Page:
HONG KONG/SINGAPORE (Reuters) - With the threat of a UK exit from the European Union no longer just a distant prospect, already battered investors are shoring up defensive positions against a host of intensifying geopolitical risks, including a “Brexit”.
Investors typically dismiss political gyrations as sideshows that might cause temporary market turmoil but with little long-term impact.
However, with markets volatile and assets from developed market equities to emerging market bonds a sea of red, the unusually high number of geopolitical risks stalking investors this year could expose already bruised portfolios to further losses.
“When you look into 2016, the one thing very clear is there are more fat tail risks out there than we’ve seen for a long time,” said Paul O‘Connor, co-head of multi-asset at Henderson Global Investors in London. Across most Henderson funds, cash levels as a percentage of total assets are in the mid-teens, he said.
A fat tail risk refers to the higher-than-normal likelihood of an otherwise unusual event that would lead to extreme movements in returns, technically more than three standard deviations from the mean.
Current key risks include the UK leaving the euro zone, South China Sea tensions, Middle East conflicts, falling oil prices, the European refugee crisis and a highly uncertain U.S. Presidential race.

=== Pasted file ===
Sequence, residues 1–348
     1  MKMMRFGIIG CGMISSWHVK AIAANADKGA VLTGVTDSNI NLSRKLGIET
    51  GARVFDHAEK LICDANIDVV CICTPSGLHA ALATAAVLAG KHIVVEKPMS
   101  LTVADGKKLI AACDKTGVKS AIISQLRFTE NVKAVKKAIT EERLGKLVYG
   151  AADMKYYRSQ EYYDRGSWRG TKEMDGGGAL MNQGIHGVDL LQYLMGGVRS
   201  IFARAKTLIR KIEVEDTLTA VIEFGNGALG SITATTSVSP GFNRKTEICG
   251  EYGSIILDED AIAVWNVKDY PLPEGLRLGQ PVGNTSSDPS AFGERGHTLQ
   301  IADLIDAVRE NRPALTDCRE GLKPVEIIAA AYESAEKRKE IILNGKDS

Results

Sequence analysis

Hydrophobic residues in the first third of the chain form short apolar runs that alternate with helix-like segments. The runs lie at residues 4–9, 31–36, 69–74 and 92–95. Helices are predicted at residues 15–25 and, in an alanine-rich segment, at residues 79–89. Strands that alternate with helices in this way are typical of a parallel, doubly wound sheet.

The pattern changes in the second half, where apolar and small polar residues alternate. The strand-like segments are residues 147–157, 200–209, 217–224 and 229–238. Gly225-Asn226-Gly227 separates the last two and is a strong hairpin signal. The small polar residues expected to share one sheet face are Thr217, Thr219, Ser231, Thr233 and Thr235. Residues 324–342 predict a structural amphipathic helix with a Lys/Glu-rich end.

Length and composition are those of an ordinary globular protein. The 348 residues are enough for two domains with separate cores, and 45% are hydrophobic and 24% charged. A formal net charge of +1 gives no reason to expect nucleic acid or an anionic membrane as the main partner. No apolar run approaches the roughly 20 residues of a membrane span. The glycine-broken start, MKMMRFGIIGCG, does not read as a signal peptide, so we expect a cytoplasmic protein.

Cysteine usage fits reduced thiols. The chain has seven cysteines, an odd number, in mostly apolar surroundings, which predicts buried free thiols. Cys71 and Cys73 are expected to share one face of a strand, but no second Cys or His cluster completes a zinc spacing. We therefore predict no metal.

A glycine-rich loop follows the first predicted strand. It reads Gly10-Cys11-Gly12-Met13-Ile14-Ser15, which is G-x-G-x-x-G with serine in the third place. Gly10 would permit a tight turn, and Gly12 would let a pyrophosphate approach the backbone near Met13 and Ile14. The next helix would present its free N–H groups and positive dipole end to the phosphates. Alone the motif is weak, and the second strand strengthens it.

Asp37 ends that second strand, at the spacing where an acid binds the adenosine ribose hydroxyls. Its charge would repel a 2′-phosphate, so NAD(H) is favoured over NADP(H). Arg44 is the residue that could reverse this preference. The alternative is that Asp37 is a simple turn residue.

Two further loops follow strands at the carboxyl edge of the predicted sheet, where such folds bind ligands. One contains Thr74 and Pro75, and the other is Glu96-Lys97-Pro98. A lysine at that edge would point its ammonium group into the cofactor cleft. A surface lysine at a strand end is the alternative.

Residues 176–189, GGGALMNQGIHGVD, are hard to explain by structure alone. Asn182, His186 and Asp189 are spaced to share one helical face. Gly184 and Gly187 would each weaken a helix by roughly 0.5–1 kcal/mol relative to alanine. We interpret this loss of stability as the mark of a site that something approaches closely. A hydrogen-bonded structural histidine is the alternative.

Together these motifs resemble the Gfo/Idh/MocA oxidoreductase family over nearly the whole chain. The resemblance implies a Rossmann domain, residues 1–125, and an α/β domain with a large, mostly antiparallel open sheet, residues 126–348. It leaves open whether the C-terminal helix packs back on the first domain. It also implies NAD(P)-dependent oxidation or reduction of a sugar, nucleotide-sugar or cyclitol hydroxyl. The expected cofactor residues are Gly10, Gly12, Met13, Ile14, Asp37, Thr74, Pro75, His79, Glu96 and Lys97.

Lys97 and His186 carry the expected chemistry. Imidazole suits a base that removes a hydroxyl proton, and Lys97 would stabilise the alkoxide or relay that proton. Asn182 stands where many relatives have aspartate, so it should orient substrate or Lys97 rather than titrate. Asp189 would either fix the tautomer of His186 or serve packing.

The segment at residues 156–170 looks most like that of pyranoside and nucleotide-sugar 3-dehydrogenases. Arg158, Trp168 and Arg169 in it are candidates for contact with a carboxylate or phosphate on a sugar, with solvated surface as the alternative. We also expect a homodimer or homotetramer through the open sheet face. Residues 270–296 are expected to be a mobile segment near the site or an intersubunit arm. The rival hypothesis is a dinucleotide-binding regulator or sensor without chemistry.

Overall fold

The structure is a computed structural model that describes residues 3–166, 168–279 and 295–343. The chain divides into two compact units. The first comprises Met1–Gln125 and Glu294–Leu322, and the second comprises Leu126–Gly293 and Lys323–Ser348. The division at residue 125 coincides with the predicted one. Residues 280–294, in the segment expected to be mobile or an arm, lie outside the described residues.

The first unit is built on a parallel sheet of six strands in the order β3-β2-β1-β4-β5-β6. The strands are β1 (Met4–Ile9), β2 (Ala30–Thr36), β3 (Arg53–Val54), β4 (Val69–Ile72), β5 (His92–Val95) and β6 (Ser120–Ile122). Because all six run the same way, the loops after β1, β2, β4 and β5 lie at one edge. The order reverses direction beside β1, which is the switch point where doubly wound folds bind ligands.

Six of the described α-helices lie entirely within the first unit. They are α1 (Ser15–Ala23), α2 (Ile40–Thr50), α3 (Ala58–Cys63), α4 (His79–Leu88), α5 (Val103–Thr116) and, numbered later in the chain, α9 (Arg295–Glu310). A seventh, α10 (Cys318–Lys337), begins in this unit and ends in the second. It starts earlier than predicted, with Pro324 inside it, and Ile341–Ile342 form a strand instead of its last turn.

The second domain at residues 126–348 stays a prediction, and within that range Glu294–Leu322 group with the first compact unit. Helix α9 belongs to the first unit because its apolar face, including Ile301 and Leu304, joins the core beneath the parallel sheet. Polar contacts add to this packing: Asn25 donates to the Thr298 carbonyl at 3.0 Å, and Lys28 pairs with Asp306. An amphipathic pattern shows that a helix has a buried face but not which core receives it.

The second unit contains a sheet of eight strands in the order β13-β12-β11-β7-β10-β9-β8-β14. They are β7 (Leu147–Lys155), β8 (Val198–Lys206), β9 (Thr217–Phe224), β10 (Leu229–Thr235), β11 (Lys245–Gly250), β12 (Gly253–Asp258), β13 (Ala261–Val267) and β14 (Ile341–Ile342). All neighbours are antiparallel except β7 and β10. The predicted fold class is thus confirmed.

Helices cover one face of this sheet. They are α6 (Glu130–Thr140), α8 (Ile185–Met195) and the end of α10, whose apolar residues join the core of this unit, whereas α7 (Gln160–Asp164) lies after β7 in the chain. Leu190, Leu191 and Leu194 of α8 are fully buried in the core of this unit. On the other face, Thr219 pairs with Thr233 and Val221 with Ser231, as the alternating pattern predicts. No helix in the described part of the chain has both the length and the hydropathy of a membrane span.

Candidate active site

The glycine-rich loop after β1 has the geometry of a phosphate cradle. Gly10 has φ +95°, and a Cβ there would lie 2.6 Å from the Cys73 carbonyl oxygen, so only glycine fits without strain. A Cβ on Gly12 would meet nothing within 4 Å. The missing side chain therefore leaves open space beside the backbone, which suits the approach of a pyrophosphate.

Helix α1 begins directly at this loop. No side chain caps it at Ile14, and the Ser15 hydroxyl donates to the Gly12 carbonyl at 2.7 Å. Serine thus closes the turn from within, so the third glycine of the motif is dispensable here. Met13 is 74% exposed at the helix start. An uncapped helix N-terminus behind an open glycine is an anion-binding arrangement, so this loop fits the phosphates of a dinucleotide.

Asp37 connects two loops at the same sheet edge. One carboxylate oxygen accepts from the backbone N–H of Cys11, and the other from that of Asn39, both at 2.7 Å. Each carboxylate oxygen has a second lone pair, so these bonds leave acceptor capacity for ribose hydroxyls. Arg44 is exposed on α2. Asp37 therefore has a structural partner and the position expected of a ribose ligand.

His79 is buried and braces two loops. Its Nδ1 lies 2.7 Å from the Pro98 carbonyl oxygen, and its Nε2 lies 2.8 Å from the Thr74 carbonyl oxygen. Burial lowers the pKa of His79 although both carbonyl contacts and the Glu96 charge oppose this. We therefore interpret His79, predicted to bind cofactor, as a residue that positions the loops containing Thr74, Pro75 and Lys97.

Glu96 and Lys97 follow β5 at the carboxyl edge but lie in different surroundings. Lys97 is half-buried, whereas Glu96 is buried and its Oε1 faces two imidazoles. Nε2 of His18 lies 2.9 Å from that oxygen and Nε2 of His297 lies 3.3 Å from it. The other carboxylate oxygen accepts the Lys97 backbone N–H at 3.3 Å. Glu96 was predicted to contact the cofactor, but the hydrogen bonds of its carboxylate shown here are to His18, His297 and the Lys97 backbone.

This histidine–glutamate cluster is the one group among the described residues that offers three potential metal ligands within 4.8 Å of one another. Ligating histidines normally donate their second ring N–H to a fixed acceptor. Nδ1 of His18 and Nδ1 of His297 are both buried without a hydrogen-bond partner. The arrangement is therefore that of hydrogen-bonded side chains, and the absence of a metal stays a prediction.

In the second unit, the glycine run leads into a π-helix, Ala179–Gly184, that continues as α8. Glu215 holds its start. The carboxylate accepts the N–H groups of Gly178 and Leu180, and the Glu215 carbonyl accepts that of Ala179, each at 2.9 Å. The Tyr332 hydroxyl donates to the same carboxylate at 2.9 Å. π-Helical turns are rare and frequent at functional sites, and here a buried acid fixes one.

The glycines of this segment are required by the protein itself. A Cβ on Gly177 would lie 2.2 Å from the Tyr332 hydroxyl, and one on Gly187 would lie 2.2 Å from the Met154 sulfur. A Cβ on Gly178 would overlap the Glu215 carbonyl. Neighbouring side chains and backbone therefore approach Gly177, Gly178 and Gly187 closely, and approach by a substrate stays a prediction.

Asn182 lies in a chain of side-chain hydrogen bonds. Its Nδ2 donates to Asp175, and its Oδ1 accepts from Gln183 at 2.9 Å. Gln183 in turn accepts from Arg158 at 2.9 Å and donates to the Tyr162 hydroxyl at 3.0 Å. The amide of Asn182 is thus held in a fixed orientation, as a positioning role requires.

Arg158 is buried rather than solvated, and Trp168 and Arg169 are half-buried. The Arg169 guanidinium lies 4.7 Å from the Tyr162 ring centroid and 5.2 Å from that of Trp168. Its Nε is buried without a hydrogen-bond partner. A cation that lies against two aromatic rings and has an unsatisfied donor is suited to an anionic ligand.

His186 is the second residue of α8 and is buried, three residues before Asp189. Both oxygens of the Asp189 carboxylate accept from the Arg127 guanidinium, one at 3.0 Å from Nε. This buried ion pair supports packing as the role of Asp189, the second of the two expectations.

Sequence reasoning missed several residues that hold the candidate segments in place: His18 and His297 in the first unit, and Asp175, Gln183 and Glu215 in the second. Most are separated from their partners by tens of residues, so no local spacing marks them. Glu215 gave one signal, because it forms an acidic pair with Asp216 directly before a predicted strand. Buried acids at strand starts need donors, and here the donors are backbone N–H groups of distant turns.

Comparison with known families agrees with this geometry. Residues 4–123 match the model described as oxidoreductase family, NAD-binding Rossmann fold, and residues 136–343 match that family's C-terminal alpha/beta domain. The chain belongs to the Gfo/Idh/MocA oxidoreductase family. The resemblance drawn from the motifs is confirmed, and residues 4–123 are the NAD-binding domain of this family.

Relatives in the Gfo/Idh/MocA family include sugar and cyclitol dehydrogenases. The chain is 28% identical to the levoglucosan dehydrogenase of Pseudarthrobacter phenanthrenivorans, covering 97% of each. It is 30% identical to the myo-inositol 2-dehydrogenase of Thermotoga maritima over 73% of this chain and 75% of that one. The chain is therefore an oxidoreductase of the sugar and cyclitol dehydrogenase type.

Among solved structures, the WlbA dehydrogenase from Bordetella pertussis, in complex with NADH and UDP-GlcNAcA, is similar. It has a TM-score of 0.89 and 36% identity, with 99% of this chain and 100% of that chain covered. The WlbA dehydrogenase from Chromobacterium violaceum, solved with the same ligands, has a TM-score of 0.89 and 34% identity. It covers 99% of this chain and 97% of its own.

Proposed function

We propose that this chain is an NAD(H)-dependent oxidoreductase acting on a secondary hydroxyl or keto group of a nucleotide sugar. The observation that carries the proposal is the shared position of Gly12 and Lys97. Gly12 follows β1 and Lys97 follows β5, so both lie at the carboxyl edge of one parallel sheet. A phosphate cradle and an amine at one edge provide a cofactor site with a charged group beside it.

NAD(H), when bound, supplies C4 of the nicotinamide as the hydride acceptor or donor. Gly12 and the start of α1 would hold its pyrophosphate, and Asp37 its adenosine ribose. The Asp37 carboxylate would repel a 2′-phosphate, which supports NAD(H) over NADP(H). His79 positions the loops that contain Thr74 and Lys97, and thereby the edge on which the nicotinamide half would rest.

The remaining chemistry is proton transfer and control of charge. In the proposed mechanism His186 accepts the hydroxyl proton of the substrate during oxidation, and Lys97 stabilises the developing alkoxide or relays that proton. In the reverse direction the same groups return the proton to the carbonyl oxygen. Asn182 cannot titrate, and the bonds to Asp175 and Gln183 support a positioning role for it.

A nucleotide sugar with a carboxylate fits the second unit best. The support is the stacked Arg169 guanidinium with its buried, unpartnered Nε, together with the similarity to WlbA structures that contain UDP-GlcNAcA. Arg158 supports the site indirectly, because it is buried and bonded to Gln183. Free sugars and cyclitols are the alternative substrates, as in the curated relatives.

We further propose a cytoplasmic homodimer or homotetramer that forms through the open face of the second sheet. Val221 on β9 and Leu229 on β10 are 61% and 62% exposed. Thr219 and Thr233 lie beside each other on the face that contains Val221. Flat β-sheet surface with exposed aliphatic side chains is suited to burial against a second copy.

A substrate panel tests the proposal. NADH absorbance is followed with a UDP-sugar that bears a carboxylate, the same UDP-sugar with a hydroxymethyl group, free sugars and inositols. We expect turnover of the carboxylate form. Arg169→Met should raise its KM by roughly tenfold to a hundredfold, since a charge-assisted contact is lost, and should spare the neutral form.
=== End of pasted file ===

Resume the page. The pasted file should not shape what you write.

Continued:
Crucially, tail risks are growing at a time when global growth concerns and recent market dislocation have made investors crowd into a small number of trades, notably long U.S. dollar, short oil and emerging market positions.
That means tail risk events could spark a dramatic unwinding of these positions as large numbers of investors seek to sell at the same time.
“The fact that trades are correlated, trades are crowded, and we have a lot of fat tail risks leaves us owning a lot more cash than we typically would,” O‘Connor said.
Henderson is not alone in increasing cash. A Bank of America Merrill Lynch survey of 198 fund managers with combined assets of nearly $600 billion released last week found average cash balances are up to 5.6 percent – the highest level since November 2001 with a U.S recession displacing a slowdown in China as the biggest tail risk for global investors.
The prospect that one of these tail risks could further damage the fragile global economy is what makes them so worrying.
For Neil Dwayne, global strategist at Allianz Global Investors, which manages 427 billion euros in assets globally, a sharp spike in oil prices caused by an outbreak of conflict in the Middle East could tip the world into recession.
Equally, it would spark a rush to the exits by hedge funds who have crowded into trades betting oil prices would remain low for the foreseeable future, causing a massive wave of selling.
For example, net short positions in crude oil - a proxy for hedge fund positioning - remain near record highs, according to Thomson Reuters data, indicating how vulnerable the market is to the prospect of a reversal.
“A spike in oil prices to $100 per barrel is the number one geopolitical risk that the markets are not pricing for,” said Dwayne.
Reporting by Saikat Chatterjee and Nichola Saminather; Editing by Sam Holmes